When I stopped drinking and decided I would sort my issues out, I realised what a toxic circle of friends and relatives I had around me. Instead of being supportive, many judged me for not drinking and partying excessively like they would. Indeed they only wanted validation and my refusal to give it to them strained our relationships. Many would get drunk and abuse me, killing off the tiny bit of self-esteem I had built up. They never apologised and eventually, instead of forgiving them for it over and over again, I simply cut them out and decided I didn’t need such people in my life. If people who claim they are friends choose not to support you and deliberately aggravate you, there is either something wrong with them, or they simply are not worth investing in emotionally.
At the same time, I made a major career change. I started teaching, something I never thought I’d do. I had a degree in women’s studies and didn’t think teaching would be a career choice that made me happy. Yet it did. Even though I never loved the environment or politics, I loved teaching. It was immensely rewarding and made me feel good. It also allowed me to be creative and forced me to remain open minded. Through teaching, I could change the world like I had always wanted to. It also inspired me to start blogging and writing on a regular basis.
Because of teaching, blogging and activism, I also met many wonderful people who I am now proud to call friends. The elite bubble I had earlier associated with slipped away into oblivion and there’s no going back. There’s no going back to a culture that I personally find toxic. Most of the elite I know have a sense of entitlement that makes them supremely unsympathetic to the horrific world around them. I have heard them make statements so callous that they have left me wounded. They judge me based on how much money I’m making and most have told me, to my face, that teaching is noble but not enough. They cannot comprehend that the pursuit for money is not something everyone aspires to and they judge those who don’t. They don’t understand any perspectives other than their own, and as a result, I find that culture toxic and intolerant.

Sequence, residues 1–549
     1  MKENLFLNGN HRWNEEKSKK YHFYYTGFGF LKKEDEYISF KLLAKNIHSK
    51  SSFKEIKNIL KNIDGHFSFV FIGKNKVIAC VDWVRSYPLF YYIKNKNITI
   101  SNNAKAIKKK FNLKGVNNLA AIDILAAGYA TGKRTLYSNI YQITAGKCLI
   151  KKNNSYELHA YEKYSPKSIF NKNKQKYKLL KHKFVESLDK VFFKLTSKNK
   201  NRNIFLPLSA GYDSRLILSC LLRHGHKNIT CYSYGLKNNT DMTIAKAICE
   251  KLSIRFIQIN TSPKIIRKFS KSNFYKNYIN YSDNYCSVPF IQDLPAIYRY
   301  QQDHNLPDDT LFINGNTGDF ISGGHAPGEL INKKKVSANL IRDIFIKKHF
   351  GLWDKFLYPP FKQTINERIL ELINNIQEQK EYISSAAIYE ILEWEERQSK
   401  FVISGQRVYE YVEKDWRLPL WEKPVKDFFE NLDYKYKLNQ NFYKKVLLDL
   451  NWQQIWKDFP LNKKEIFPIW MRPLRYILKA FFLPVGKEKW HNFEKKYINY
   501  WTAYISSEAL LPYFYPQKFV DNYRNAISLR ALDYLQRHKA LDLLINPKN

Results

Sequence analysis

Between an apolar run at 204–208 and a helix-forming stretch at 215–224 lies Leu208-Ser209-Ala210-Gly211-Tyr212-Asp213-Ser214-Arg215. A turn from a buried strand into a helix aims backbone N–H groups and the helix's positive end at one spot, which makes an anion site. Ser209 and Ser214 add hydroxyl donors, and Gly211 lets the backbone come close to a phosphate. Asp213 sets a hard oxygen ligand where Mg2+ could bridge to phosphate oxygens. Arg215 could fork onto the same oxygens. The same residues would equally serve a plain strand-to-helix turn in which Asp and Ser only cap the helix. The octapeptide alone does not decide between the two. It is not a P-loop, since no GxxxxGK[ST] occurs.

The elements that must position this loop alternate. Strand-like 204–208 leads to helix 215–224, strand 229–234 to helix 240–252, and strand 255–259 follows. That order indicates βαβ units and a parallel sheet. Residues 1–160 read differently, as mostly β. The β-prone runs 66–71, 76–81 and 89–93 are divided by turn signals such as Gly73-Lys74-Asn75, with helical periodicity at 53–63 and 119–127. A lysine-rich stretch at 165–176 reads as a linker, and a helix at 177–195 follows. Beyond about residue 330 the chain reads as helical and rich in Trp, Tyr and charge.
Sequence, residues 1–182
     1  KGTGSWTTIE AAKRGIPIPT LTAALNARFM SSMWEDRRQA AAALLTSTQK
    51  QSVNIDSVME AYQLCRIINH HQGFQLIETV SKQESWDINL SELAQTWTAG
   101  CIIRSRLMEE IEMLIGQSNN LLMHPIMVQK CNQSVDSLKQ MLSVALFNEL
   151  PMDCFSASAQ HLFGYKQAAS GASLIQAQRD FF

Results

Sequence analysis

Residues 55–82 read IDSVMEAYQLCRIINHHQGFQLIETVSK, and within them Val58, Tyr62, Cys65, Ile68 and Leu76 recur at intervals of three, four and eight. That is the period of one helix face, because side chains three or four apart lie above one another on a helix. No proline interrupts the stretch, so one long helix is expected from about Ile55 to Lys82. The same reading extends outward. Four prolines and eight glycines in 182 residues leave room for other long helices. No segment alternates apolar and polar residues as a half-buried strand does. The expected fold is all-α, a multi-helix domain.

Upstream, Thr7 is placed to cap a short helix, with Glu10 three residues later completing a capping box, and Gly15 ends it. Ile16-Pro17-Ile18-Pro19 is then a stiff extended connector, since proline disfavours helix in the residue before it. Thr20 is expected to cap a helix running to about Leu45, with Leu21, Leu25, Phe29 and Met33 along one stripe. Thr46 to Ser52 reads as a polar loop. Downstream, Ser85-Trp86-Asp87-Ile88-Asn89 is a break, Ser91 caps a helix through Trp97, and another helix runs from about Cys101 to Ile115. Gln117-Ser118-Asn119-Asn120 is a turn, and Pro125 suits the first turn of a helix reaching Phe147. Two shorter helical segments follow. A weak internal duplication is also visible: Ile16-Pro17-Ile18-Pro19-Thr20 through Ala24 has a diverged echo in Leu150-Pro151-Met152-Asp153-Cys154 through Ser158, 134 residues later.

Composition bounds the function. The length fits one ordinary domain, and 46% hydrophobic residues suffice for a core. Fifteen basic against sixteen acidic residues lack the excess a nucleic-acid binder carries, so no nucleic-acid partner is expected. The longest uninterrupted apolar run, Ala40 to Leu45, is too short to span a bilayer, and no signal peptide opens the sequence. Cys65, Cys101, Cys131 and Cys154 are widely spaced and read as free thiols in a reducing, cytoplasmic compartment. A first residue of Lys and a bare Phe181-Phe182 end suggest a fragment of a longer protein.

Another form of support in my life other than my doctors and family are many other bipolar people around me. I’ve been active on bipolar forums and support groups for many years now and they have served as an incredible form of strength. Therapy, along with medication, is crucial for recovery but doctors can’t always be available, nor is it feasible to rely on just one doctor alone. Support groups are a form of group therapy and we provide each other with a lot of motivation. We keep each other going through the hard days and we all provide support, without judgement, because we can truly understand unlike those who have never experienced severe mood shifts.
I teach critical thinking and believe in constant self-reflection which most people in this country resist. We don’t admit our wrongs. Instead we point fingers and blame others. I honestly feel we suffer from a collective psychosis and if you have mental health issues, this attitude is dangerous. It is dangerous because the process of recovery and learning to cope in this world necessarily requires self reflection and being forced to confront your mistakes. Unless you can do that, you cannot get better. It’s easy to convince ourselves that we aren’t the problem. I know. I’ve been there. But that state of mind, when one is nothing but just a victim, is counterproductive and doesn’t lead to any healing. Instead it only leads to pain, bitterness and anger.
I turn a blind eye to those who judge me for who I am. Years of teaching, writing and part time activism have made me a thick skinned and strong woman who knows her strengths. I’ve also made the effort to study my illness, to understand it, to do what I need to in order to stay functional and happy such as avoiding all triggers. I decline late nights, no matter what, because unlike others, I need a full eight hours of sleep. Those who love me truly understand and do not mind my absence. Without restful sleep, my day is ruined and there’s a danger I will have an episode.
These days I only work part time. I no longer associate with any schools and quite easily gave up a very prestigious teaching position because it was making me miserable. I now work when I can and when I can’t; I do not have to medicate myself into a stupor just to function. I’ve learnt to value and crave stability over financial gain or societal approval. It honestly doesn’t mean much without happiness. Sadly, I still see so many bipolar people stuck in this vicious trap, miserable and in immense pain. As a success story, I’m hoping this inspires them to become pro active and take their life into their own hands. If I can do it, anyone can.
Download PDF: Being bipolar